The ideal camera for astrophotography must meet several very particular specifications. It must be able to shoot in RAW format for post-processing, a key element of astrophotography, and keep its shutter open for at least 30 seconds, if not more. A tripod mount and a lens with a wide range of view and aperture are essential for those lengthy exposures. To be true, you do need to put in a lot of effort if you want to shoot the night sky and witness celestial phenomena like the Perseid meteor shower or the Northern Lights, as failing to do so will leave you with virtually nothing to show for your efforts.
1. Nikon Z6 II
If you’re only planning to use it for astronomy photography, there need to be more upgrades to make switching from one model to another worthwhile. Let’s say you’re upgrading from a novice model, taking videos, and shooting more types of photography in addition to Astro.
2. Nikon D850
Although it was released over five years ago, the Nikon D850 DSLR competes favorably with today’s newcomers in various photographic fields, including astronomy. With a minimum amount of image noise, the D850’s 45.7-megapixel image sensor creates still images with incredible detail. For those who wish to produce movies with the stars, it can even shoot 4K UHD 30 frames per second footage.
3. Sony A7 III
One of the brightest lights in astronomical cameras, the Sony A7 III is a favorite among astrophotographers who like to use mirrorless cameras (pardon the pun). Its electronic viewfinder offers a helpful exposure-ramped view to help compose astrophotographs, even if it needs to be more detailed than the others we’ve listed.
4. Canon EOS 6D Mk 2
For those looking to get started with astrophotography but on a budget, the Canon EOS 6D Mk 2 is a capable DSLR. Even though it lacks a few contemporary features, this full-frame choice is excellent for its price.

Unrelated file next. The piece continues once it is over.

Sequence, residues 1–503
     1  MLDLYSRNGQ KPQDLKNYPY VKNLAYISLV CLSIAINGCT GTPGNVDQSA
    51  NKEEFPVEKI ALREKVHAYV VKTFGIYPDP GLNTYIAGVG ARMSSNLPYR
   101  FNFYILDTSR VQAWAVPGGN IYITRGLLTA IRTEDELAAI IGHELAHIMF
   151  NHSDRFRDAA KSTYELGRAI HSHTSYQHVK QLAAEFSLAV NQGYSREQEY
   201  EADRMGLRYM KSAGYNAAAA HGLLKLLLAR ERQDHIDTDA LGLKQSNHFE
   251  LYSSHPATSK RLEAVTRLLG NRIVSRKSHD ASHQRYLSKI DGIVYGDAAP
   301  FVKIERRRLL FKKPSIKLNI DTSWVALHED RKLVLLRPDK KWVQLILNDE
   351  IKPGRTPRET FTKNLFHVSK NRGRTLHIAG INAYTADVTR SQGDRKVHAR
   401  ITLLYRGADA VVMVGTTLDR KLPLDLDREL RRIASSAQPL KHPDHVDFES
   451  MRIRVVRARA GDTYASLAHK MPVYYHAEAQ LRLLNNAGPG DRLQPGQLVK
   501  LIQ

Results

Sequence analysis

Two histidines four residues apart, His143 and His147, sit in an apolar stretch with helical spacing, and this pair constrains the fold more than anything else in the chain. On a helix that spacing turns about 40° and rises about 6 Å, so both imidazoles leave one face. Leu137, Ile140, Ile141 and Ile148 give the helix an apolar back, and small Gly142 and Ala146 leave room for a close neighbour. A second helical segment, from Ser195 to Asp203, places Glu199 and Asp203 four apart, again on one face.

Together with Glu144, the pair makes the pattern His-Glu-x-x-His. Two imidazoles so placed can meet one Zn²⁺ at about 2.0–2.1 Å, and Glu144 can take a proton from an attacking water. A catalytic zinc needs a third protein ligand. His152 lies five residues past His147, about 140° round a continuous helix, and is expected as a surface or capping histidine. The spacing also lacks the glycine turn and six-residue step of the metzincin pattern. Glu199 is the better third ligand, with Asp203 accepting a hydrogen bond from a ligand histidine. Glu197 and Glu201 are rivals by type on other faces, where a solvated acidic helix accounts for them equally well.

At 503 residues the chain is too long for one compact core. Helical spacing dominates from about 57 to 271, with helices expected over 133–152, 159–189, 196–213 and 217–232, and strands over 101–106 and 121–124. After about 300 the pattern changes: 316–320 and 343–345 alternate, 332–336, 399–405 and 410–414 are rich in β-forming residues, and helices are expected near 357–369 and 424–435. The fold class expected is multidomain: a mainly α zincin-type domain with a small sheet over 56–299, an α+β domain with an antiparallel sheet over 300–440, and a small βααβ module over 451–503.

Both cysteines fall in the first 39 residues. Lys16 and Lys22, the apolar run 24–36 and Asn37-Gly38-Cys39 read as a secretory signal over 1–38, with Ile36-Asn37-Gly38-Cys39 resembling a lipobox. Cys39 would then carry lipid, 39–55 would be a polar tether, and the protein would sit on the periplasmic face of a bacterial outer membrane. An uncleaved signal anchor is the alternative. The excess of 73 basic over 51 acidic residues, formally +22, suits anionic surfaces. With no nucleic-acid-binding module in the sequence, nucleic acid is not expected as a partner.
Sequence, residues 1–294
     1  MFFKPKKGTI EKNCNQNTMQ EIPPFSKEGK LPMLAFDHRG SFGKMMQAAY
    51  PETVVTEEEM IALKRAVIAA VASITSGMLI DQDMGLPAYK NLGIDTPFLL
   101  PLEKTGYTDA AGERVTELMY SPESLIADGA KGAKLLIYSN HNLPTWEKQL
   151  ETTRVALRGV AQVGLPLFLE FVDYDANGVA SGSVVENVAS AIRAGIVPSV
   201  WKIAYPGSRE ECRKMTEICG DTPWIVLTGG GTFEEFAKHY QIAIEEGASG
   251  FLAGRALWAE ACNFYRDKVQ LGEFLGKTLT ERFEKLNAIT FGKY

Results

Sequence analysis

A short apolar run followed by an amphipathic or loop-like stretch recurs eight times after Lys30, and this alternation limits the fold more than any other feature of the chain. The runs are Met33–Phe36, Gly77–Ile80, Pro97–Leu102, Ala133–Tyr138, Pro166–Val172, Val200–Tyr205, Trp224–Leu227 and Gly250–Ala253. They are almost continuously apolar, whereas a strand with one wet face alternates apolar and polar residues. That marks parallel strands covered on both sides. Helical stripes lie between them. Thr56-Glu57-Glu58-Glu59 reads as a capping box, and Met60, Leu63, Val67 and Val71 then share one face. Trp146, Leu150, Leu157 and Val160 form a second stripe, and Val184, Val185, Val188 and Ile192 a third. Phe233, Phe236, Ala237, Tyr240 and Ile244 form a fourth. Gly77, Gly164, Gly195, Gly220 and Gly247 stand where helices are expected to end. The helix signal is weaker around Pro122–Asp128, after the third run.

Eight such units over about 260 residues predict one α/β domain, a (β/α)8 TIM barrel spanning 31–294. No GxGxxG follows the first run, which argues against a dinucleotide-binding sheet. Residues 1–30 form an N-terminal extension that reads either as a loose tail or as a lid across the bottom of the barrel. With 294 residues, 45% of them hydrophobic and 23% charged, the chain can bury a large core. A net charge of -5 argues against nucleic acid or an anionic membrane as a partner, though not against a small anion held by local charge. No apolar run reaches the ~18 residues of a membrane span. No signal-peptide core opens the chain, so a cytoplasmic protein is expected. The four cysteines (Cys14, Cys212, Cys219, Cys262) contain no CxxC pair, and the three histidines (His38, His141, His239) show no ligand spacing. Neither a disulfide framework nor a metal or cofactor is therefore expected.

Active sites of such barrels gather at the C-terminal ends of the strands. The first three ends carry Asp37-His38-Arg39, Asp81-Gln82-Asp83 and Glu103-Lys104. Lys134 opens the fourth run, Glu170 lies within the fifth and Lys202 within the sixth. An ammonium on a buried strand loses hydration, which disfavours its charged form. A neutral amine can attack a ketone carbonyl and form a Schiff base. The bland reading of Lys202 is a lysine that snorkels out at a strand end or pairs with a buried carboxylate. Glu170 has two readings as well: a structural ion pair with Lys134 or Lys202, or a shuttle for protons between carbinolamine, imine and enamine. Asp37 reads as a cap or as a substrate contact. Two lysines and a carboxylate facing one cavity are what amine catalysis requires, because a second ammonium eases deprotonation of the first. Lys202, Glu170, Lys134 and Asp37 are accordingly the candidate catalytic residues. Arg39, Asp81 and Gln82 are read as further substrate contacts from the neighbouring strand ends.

5. Fujifilm X-T4
The most potent member of the X-series and Fujifilm’s flagship mirrorless camera is the X-T4. As our Fujifilm X-T4 review mentioned, it is a fantastic choice for astrophotography fans. Given that You will point the camera at the sky, the vari-angle screen makes shooting considerably more pleasant than it would be without it.
6. ZWO Optical ASI183MC Pro
The internal cooling system on this small, full-color camera helps to reduce noise when taking long exposure photos. The ZWO Optical ASI183MC Pro, the color version of the ZWO Optical ASI183, is one of the greatest astrophotography cameras currently available. You won’t need to bring a tonne of RGB filters when going on a shoot.
7. Canon EOS R
Canon’s first full-frame mirrorless RF system camera, already four years old, competes favorably with more contemporary models. You’d have to treat it a little more delicately than some of the harder models, like the Nikon Z6, and the button layout could be clearer because it isn’t the best-built or sleekest body.
8. Sigma 14mm f/1.8 DG HSM | Art
This fast wide-angle prime lens from Sigma is available with mounts for full-frame DSLR cameras from Canon, Nikon, Sigma, and Sony (E-mount). It is the quickest wide-angle lens at f/1.8, which is crucial in low light. As a result, a long exposure photograph of the Milky Way, which typically requires roughly 25 seconds to capture, may now be completed in just 10 seconds.
9. Samyang XP 14mm f/2.4
This 14mm f/2.4 prime lens from the XP lineup from Korean manufacturer Samyang is the best choice for astrophotography on Canon and Nikon full-frame cameras.
10. iOptron SkyTracker Pro
Using a zoom lens, the iOptron SkyTracker is another fairly priced approach to either long-exposure Astro-landscapes or “deep sky” astrophotography. It is a star tracker mount similar to the Skywatcher Star Adventurer Mini.